By B. Douglas Hoey, RPh, MBA
CEO of the National Community Pharmacists Association
As published in The Hill
Overshadowed by the daily drumbeat of news concerning the Affordable Care Act, Medicare has outlined several enhancements to Part D prescription drug plans (PDPs) that would address bipartisan congressional concerns, give seniors more choices and reduce the program's costs by an estimated $1.3 billion over five years.
Seniors will benefit in several ways from the proposed rule issued by the U.S. Centers for Medicare & Medicaid Services (CMS).
First, Medicare's proposal offers more choice of pharmacy for the same co-pay. Currently, whether they like it or not, many seniors are steered toward those pharmacies that their drug plan has arbitrarily deemed "preferred pharmacies." The excluded, non-preferred pharmacies are contractually obligated by these drug plans to charge higher co-pays. CMS is proposing letting any pharmacy willing to accept a drug plan's terms and conditions (including reimbursement rate) to offer "preferred cost-sharing". Seniors would have greater choice among pharmacies at no added cost. This will particularly benefit seniors in underserved rural areas that often include an independent community pharmacy, but from which the nearest preferred pharmacy may be 20 miles away or more. Medicare officials concluded that this approach is "the best way to encourage price competition and lower costs in the Part D program."
Second, Medicare's proposal would let more seniors choose between community pharmacies and mail order ones without penalty. Many seniors prefer talking to a pharmacist face-to-face when they want to, rather than waiting for drugs by mail and dealing with 1-800 call centers. CMS proposes to eliminate some higher co-pays for seniors who prefer to use a community pharmacy, many of which provide same-day, home delivery. This change is also budget-neutral, because Medicare data has shown that mail order is often more expensive for Medicare and taxpayers than local pharmacies.
Third, Medicare's proposal would give more patients access to cost-saving medication therapy management (MTM) consultations with pharmacists. CMS suggests expanding the eligibility criteria for MTM consultations. These in-depth medication reviews have been shown to help improve health outcomes and reduce overall medical costs by improving adherence to prescribed medication and avoiding costlier treatments, such as hospitalizations.
Myths vs. facts
Medicare's action comes in response to concerns raised in 2013 by approximately 50 members of Congress demanding action. Some of these changes are opposed by billion-dollar middlemen, known as pharmacy benefit managers (PBMs), which administer drug plans.
PBMs foisted preferred networks and PBM-owned mail order on to CMS with the promise of grandiose cost savings. In fact, five separate analyses over the past year of Medicare data have shown that preferred pharmacies and/or mail order are often more costly for the program. Now that Medicare is on to them, those same, discredited PBMs and their supporters appear to be engaged in scare tactics seeking to undermine the agency's proposal.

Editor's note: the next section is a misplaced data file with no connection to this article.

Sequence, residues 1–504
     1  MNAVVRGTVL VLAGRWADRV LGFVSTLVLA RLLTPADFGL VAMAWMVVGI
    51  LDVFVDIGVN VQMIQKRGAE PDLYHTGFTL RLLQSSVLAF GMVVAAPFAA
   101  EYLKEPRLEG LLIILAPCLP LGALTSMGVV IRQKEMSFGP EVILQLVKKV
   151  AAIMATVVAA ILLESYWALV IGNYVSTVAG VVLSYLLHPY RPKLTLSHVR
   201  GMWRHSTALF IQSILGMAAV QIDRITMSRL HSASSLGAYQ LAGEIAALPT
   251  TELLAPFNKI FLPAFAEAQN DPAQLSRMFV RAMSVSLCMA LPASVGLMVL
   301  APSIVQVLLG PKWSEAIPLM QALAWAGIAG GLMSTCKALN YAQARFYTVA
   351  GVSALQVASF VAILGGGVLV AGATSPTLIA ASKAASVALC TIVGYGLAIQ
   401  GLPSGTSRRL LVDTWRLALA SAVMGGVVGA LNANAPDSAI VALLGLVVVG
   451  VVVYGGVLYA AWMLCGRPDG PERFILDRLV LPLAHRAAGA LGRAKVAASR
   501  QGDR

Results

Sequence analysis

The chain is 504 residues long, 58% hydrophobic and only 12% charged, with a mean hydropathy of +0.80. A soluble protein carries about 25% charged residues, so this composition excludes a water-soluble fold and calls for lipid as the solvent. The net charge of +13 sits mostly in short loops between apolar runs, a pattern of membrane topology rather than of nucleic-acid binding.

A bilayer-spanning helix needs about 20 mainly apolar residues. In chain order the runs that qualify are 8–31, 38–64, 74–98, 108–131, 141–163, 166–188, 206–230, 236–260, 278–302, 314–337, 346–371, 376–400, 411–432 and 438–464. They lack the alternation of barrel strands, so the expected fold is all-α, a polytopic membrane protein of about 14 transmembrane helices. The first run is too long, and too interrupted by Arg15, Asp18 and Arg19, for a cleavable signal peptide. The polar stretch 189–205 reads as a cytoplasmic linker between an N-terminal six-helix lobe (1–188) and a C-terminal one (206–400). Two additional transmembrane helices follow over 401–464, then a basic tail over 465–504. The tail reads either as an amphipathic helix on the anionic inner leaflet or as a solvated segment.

MYTH: CMS' rule will lead to government "price setting" for drugs by allowing the agency to interfere with negotiations between Part D plans and drug manufacturers.
FACT: The debate over whether or not Medicare should negotiate drug costs directly with pharmaceutical makers is outside of the scope of this proposed rule. In enacting the 2003 law authorizing Part D, Congress' intent was clear—to allow those agreements to occur in the private sector unfettered by Medicare. CMS itself clarified that it interprets the law's intent as to ensure that CMS does not "create any policies or become a participant in any discussions [between plan sponsors and drug makers] that could be expected to interfere" with decisions concerning drug cost, rebate and coverage (or "formulary") issues.
MYTH: Premiums will increase because of this rule.
FACT: If a community pharmacy is willing to accept the same terms and conditions (including reimbursement level) that PBMs agreed to with a preferred pharmacy, the costs to Medicare and the drug plan are the same. There is no basis for increasing premiums as a result of this policy change.
MYTH: National pharmacy chains will withdraw from preferred networks if more pharmacies are allowed in, thereby reducing the plans' cost effectiveness and increasing costs.
FACT: Medicare officials rejected this argument, noting that they are "skeptical that such participants in the highly competitive retail market will abandon their market share by returning to the broader [non-preferred] network."
There are other pharmacy-specific features of Medicare's proposed rule that deserve support. It would allow community pharmacists to simply understand the methodology by which they will be reimbursed by Part D plans, and to require reimbursement rates to be updated more frequently to account for circumstances such as the soaring costs of some generic drugs. In addition, the rule would protect long-term care pharmacies from being financially penalized for adopting new dispensing methods intended to reduce medication waste.
Medicare's proposed rule is open for public comment through March 7th. As a pharmacist and on behalf of independent community pharmacists and their patients, I believe these proposals should be implemented.
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